Reasons We’re Bad At Money Explained

Dr. Pete LunnIf you ever feel you are bad with money, perhaps you should look to psychology rather than book keeping as the source of your problems.

Inconsistencies and anomalies in our thinking mean we view financial transactions differently based on how they are framed, according to Dr. Pete Lunn.

To prove his point, the neuroscientist, turned behavioral economist and author of Basic Instinct: Human Nature and the New Economics, ran a series of simple experiments on the audience at the Cornflakes & Commerce breakfast at the NCI this week.

His first question proved the point well: In scenario 1, you are given €30 and told you would get another €10 for sure. But then a coin toss will determine if you lose €20 of that total or keep the full amount. Asked to pick, a majority of the audience put their hands up.

The second scenario sees you given €50 and told you will lose €10 of it straight away. You then toss a coin to see if you lose another €20 or keep it. A lot of hands went down.

Yet, the odds of making the same amount of money are the same, Lunn said. “The only real difference is how they are framed,” he said.

These anomalies have been exploited by marketers for years. Behavioral economists started studying these patterns relatively recently and, in the process, upended a number of long-cherished economic beliefs, Lunn said. One of the principle casualties was the belief that people are fundamentally rational with money.

Another experiment on the audience involved an imaginary visit to Lunn’s place of work, the ESRI, where the visitor is given a company-branded mug on arrival. Showing a slide of the pretend mug, Lunn asked if he offered to buy it back on the visitor’s departure how much people would be willing to sell it for. The consensus seemed to be around €5.

He then turned the problem on its head, and asked how much people would pay if they were offered the mug to buy on their arrival at the ESRI. People started laughing but few were willing to offer the €5.

“It’s as if, once we own it, it takes on added value,” Lunn said.”People are really very uncertain about what stuff is worth to them.”

Another experiment saw him ask the audience if they saw a calculator for €15 in a store and knew the same model was in a different store a 15-minute walk away would they go get the cheaper  model. Most said they would.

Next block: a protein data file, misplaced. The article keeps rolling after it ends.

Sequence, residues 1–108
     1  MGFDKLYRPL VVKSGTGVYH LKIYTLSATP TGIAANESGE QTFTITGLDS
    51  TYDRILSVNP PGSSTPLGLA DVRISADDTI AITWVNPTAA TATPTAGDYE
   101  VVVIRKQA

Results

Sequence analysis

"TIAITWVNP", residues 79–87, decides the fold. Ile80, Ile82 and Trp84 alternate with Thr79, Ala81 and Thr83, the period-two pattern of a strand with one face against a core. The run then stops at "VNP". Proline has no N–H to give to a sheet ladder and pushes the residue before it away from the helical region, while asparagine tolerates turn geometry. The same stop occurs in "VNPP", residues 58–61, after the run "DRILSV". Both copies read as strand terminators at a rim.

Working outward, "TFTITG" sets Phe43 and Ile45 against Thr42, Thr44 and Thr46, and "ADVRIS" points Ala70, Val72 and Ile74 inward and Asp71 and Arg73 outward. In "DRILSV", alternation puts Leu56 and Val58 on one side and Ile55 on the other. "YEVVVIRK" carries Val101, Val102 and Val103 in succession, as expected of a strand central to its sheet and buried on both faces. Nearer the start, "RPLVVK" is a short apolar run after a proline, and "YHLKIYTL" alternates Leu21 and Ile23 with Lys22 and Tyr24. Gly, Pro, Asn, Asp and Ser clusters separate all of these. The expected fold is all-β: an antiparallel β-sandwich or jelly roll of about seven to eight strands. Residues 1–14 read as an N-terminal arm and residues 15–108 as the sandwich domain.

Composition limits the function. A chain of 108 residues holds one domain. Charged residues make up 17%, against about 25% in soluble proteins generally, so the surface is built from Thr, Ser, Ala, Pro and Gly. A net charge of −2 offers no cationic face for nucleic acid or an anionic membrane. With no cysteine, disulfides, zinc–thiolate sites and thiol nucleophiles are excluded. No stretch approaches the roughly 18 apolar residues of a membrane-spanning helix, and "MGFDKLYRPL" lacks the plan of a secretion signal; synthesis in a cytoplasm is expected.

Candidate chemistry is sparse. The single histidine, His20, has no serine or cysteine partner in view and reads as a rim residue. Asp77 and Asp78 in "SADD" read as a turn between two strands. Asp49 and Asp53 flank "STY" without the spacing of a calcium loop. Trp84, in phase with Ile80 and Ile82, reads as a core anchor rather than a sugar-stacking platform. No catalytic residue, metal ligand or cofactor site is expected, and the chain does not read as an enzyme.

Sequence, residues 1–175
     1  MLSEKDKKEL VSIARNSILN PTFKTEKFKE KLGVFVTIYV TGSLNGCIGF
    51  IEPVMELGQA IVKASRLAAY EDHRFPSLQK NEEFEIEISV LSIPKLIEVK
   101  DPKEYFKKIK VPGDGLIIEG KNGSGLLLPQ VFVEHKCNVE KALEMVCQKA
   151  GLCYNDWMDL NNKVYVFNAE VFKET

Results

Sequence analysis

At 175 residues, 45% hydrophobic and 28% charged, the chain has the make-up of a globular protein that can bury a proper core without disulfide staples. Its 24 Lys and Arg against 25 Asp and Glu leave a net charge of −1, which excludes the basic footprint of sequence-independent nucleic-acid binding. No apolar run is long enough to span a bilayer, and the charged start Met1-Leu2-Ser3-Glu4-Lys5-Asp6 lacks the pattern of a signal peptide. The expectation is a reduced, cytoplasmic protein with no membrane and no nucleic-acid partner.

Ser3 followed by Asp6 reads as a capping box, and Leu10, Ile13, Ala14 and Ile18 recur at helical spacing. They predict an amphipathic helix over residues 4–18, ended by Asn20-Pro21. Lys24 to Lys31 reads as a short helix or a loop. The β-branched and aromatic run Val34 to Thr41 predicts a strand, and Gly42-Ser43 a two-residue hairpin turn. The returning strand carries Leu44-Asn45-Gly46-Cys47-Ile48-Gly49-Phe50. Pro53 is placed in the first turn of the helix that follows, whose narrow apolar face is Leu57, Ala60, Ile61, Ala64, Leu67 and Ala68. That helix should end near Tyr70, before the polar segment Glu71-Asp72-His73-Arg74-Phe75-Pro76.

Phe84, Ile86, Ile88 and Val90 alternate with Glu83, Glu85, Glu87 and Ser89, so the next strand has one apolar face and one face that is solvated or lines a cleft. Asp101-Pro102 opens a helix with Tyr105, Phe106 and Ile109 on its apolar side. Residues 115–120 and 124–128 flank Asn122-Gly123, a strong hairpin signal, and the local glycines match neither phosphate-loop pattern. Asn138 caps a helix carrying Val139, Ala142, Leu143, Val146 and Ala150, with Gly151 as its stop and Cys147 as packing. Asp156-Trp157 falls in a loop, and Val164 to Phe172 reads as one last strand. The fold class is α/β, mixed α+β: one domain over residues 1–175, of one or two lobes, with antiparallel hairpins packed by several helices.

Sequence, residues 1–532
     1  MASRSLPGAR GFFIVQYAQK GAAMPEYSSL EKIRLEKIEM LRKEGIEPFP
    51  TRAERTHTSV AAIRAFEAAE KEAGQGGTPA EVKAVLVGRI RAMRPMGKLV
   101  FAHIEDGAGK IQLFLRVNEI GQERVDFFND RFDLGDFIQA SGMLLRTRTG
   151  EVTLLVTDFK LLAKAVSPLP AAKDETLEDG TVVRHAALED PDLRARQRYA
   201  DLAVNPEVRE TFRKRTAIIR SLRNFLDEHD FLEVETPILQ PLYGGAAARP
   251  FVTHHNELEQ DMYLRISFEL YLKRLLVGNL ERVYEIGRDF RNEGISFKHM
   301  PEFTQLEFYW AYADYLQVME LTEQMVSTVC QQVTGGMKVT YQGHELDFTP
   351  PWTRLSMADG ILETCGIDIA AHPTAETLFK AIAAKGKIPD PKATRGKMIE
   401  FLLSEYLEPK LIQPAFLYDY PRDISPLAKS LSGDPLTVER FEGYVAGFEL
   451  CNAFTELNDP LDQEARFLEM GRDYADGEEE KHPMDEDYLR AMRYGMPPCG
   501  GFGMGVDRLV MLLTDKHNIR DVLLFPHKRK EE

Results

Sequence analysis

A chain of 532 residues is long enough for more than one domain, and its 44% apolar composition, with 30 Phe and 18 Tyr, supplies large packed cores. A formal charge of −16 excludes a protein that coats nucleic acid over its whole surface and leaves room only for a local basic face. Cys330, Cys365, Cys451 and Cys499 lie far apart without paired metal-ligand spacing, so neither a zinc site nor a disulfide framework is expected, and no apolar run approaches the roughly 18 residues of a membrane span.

Lunn then asked if a jacket cost €135 in one shop, and the same one cost €130 in a shop 15 minutes away, would they do the same walk. Most said they would not. “Why are people pricing a 15-minute walk differently?” he asked.

“Uncertainty about what things are worth to us has quite a big impact on our trading behavior,” Lunn said. The result is that people will stick with what they know and avoid uncertainty.

Another experiment pointed to discrepancies in how people value time. Asked if they would take €100 today or €105 tomorrow, around half opted for the money today. Lunn then asked if people would take €100 in 30 days time or €105 in 31 days, the proportion opting for the quick pay out dropped dramatically.

People value the immediate higer, Lunn said, and will not price a day’s delay consistently. “This is one of the reasons why ‘buy now, pay later’ works,” he said. It is also a reason why people “massively under-invest” in their pensionfunds, he said.

Another very interesting experiment showed how people will turn down fairly hefty cash if they perceive the bargain to be unfair.

This “trust game” involves two players who may not even know or see each other. IN one version of the game, a proposer has €10 but has to split it with a responder. The responder can chose to accept or reject the offer. If he accepts, both parties keep the cash.

When first done in 1980, the results shocked orthodox economists who argued that people are rational and that any offer, regardless of how small, would be accepted by the responder. They “got very upset about this one,” Lunn said.

The most common offer was €5, he said. The mean was around €4.40 but offers below €3 were usually rejected. Even in studies in developing countries where large amounts were offered, people would reject the equivalent of two or three weeks’ pay, Lunn said.

“This should give any one in business pause for thought. Fairness is a very powerful driver,” he said.

 

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